Taiwanese solar cell giants Neo Solar Power (NSP), Gintech and Solartech will cease trading on the Taiwan Stock Exchange on Monday, October 16 – fuelling rumors that the three companies could merge into one.
An official announcement is expected from all three firms next week, but pv magazine sources in Taiwan suggest that the ceasing of trading points to either a merger of the three firms or the creation of a “cell super league”, says independent solar analyst Corrine Lin.
“If Gintech, NSP and Solartech were to merge they would have a combined cell production capacity of approximately 4.5 GW, making it Taiwan’s largest cell manufacturer,” Lin said. Other sources say that up to 2 GW of that capacity would be PERC cell technology.
All three firms currently have overseas production facilities – in Thailand, Vietnam and Malaysia – and there is plenty of multi- and mono-si PERC experience across the board. “A merger could be a good move for all three companies,” Lin told pv magazine. “It would mean the new entity has more elasticity on purchasing, sales and R&D, and would also open up the possibility for a broader business strategy.”
All three cell manufacturers endured a difficult first half (H1) 2017 as cell ASPs tumbled following the expiration of subsidies in China, Taiwan’s chief market. NSP reported H1 revenue of NT$4.381 billion ($144.5 million), which represented a year-on-year decline of 57.9%. Gintech fared little better, seeing its revenue fall 30% year-on-year to just $219 million.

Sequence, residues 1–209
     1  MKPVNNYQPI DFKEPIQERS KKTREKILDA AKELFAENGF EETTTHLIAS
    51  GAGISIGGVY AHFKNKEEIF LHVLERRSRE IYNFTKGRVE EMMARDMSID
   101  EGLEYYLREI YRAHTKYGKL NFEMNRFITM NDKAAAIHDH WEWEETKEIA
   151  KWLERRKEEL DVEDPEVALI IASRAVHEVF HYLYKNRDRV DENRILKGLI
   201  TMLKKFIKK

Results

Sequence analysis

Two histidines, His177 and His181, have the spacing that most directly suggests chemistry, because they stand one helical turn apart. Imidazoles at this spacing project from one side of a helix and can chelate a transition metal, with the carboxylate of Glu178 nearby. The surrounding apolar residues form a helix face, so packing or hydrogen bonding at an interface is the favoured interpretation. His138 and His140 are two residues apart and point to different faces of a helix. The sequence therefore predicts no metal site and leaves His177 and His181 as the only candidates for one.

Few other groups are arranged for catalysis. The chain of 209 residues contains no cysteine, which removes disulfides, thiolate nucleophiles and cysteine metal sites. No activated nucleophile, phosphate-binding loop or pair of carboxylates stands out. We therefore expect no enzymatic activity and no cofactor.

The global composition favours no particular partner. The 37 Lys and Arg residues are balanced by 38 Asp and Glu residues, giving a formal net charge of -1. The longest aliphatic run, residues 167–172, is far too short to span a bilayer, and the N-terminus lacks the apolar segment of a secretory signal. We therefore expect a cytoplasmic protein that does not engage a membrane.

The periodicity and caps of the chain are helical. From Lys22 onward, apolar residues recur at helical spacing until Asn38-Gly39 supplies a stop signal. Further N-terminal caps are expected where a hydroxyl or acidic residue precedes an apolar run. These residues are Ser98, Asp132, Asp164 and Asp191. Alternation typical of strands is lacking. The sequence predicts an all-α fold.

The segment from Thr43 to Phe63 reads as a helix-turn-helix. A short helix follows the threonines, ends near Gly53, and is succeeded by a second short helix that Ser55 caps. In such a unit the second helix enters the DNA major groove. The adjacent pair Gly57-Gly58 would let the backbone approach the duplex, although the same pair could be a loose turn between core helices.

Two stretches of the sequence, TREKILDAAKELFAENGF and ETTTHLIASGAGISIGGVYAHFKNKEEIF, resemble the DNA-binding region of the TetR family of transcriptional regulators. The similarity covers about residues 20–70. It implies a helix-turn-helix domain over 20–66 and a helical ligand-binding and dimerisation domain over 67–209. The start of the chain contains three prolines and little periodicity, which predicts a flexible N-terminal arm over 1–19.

Earlier this year NSP exited the multicrystalline business to focus solely on monocrystalline products, while Solartech had been aiming for PERC to account for around 60% of its total cell manufacturing capacity by the fourth quarter (Q4) of this year.
Despite Taiwan-made solar components being subject to U.S. anti-dumping (AD) and countervailing (CV) tariffs, the rate is much lower than for Chinese components. An estimated 800 MW of Taiwan’s 11 GW of cell production capacity made its way to the U.S. this year, with the vast majority of the remaining capacity headed for China.
However, some analysts have warned that Chinese cell production expertise is catching up with Taiwan, and that the ‘knowledge gap’ has been cut from several years to just several months.